Some Photographers will specialize in things like, "Portraits", "Architecture", or "Landscapes", etc. Your work shows a flair for trying different things. Are you still finding your specialty, or are you instead, interested in continued variety in your work?
I think to continue with a concept for a period of time can be interesting, but I could never ever level my lens at the same things day for day. I really don’t want to specify, I need variety in my life and my art, otherwise I’d feel that I’m stuck. One constantly recurring motif is the human being, which implies variety itself.
Do you have the camera and equipment you want, or are you still working towards those? What equipment do you use currently?
I’m using a Nikon D40x, sometimes a (Saba) stand and Photoshop CS5 for editing. I’m thinking about a new camera lens, but haven’t decided which to choose, yet. In the near future I will build my own “studio-equipment” like a diffusor, reverberator and a setup for different backgrounds. I built up something like a relationship with my camera, so it won’t be replaced until it is broken.
Image quality comes with practice, to be sure. But is having a Photographer's eye a natural "gift", in your opinion, or does it require development? Can it be taught in school?
I don’t think you can teach someone how to see like a photograph in some random event/arrangement, but I think over time it can evolve if you are persistent. There are definitely people, whose Photographer’s eye is on a high standard naturally, and there are people who do photography for years and haven't accomplished more than a “standard” shoot.
You are a bit of a revolutionary and express things using
portrayals that could make some people a little squeamish. How far
would you push the envelope, or in other words, how far do you think
is wise for an artist do so, and to what end? Would you give us your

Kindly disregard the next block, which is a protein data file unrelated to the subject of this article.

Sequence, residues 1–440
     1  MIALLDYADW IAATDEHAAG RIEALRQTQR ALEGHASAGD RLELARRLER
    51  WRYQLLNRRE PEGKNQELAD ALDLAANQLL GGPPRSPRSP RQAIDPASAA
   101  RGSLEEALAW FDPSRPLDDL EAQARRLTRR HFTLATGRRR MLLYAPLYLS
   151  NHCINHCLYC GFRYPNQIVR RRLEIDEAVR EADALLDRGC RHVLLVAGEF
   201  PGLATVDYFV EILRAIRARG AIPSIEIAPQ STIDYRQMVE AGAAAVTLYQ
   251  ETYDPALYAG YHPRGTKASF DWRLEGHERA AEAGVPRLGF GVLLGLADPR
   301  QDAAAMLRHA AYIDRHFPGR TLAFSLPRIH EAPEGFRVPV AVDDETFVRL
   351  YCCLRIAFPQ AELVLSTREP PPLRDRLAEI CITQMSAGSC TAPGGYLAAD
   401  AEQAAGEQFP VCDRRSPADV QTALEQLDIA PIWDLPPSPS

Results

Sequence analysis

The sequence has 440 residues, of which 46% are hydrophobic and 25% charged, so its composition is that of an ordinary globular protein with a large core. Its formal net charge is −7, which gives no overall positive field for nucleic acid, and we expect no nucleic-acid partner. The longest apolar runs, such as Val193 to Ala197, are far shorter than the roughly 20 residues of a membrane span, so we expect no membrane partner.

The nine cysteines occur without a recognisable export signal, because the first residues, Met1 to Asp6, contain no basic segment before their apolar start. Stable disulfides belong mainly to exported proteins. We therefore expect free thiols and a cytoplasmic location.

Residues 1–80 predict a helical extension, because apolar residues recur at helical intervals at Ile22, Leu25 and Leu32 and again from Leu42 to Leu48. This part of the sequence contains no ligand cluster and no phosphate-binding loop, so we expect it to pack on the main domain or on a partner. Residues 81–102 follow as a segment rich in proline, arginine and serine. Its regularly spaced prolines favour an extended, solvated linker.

interpretation of "Korsett"?
“Limit” is an elastic term/ it’s very distinct, indifferent if from the Artist’s or from the beholder’s view.
Speaking of things like “Korsett”, I can say that, even if I really pierced needles through my skin (and that hurt of course), it was for the end result, not for the pain - and that’s my personal crunchpoint. I think there are more subtle and better ways to express a feeling of inner pain or so, than cutting yourself and take a photo of it…. that’s no real Art for me.
My biggest “fear” regarding this is to be labeled as someone, who I’m not. I like Body Modification and all things that have to do with it, but that’s just a tiny, obviously superficial part of who I am. It doesn’t define me.
My interpretation.. well, I like the way Play Piercings (that’s the correct term for it) look, and the term indicates what they are for. Otherwise, they are an expression of inner strength for me, not being intimidated by physical pain is a kind of Art for me. The title is because you name a Play Piercing decorated with a ribbon “Play Piercing Corset”.
(I have to add, that I find your interpretation very interesting, I didn’t think anyone would come up with something like this)
What do you think people can learn from you?
I might be a bad role model since I prefer rather to learn things by doing, and often failing. But maybe that’s the message: Try to do things more intuitively and view your mistakes as an opportunity. Everybody can fail and give up - the trick is to keep going and to have a kind of skip-jack mentality.